In 1979 after nearly 20 years working in advertising and as a congressional aide, Andrew Harper, 44, of Fairfax Station knew he was ready for a career change when he realized he was happiest on vacation.

While contemplating what his "mid-life career change" should be, Harper weighed heavily the fact that the two things he loved best were writing and traveling. "But I didn't want to end up buying a travel agency like all my friends suggested." One reason: As a travel agent he'd have to deal with groups and "recommend the kind of large hotels that I disdain."

Instead, Harper got the idea of traveling around the world in search of the types of places he would like to stay in -- exclusive inns, manor houses and island retreats -- and then writing about them for a select, well-heeled audience. Which is exactly what Andrew Harper does today as editor and publisher of his own monthly newsletter, The Hideaway Report.

Newsletter publishing is one of the fastest growing and most profitable segments in the information industry, according to Howard Penn Hudson, president of the Newsletter Clearinghouse, a service organization for the industry, and editor of The Newsletter on Newsletters. And newsletters, he says, which now number about 100,000 in this country, "promise to continue their surge into the '80s."

"Newsletters are so much a part of your life," says Hudson, "that you may not realize how dependent you are on them for information."

Newsletters are also part of the trend toward specialized interests. "People seem to think they know exactly what they want to read about and don't want to be bothered with anything else," observes Hudson.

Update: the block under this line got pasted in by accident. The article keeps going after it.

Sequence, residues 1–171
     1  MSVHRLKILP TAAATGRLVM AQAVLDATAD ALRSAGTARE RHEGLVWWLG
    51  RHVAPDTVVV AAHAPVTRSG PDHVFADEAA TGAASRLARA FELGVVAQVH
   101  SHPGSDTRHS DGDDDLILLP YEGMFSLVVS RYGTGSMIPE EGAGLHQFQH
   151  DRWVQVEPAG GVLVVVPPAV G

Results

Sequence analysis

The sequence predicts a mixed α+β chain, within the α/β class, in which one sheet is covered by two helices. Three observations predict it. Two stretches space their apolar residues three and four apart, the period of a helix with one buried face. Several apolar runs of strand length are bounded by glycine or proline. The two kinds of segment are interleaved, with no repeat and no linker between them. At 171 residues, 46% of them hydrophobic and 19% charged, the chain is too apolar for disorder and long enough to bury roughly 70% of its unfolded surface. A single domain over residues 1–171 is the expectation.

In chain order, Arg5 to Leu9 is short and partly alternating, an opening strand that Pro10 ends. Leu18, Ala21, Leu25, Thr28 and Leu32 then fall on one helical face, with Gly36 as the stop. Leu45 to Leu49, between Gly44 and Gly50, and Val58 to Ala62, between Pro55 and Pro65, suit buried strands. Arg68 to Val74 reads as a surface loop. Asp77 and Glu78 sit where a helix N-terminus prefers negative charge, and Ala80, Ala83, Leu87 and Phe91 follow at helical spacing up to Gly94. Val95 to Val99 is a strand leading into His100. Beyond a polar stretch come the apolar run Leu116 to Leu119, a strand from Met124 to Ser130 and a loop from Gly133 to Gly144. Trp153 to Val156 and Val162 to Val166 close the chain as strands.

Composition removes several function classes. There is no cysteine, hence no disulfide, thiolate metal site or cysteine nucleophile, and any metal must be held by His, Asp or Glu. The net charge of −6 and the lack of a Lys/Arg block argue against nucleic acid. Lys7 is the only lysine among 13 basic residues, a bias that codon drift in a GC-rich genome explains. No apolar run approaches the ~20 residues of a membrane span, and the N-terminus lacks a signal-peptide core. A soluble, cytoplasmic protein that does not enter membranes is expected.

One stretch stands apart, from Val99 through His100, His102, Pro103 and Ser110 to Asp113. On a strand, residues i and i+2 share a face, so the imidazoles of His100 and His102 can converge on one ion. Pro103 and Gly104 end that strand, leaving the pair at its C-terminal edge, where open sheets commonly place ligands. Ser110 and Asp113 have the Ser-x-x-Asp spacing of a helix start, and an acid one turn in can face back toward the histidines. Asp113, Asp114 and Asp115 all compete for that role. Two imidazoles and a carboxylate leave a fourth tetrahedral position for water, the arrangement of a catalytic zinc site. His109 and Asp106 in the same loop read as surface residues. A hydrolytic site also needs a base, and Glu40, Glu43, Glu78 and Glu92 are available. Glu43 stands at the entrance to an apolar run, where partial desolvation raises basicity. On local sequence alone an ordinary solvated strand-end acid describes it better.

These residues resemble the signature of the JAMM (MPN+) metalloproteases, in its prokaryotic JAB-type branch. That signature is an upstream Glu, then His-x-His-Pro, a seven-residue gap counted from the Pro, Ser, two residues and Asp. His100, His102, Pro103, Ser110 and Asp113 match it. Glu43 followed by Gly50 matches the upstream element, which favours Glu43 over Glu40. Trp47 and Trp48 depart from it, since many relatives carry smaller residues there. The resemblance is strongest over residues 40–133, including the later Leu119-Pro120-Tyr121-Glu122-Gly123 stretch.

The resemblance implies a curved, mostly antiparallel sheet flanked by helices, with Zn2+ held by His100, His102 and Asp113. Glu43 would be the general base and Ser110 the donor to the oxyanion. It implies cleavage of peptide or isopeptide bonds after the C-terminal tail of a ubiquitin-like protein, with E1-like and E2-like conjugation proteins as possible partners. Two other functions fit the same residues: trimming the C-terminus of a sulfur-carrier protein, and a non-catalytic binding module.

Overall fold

And the wild variety of subjects that people want to read! A glance through the Oxbridge Directory of Newsletters, which lists 13,000 newsletters published in the U.S. and Canada: Bill James Baseball Abstract, Cardiac Alert, Deltiology, Milkshed Memo, Sludge, Hog Call Fanletter and Spirit of St. Louis, to name a few.

"A newsletter starts with an idea, either for the publication itself or for the audience to be served," says Hudson, author of Publishing Newsletters (Charles Scribner's Sons, $19.95). The first documented newsletters, he says, were produced by German Count Philip Edward Fugger in the 16th century. The loose, handwritten sheets reported business news gathered by various agents in trade centers throughout Europe and overseas. Also discovered in the Fugger archives were news reports or letters sold to paying subscribers. "Here we have the basic characteristic of newsletters," says Hudson, "specialized information prepared for a subscription audience."

The first modern newsletter (1918) was the Whaley-Eaton Report. In 1923 Willard M. Kiplinger founded his famous Kiplinger Washington Letter and set the style that was to become the classic newsletter format: a typewritten report to businessmen in the form of a letter from an insider interpreting government activity.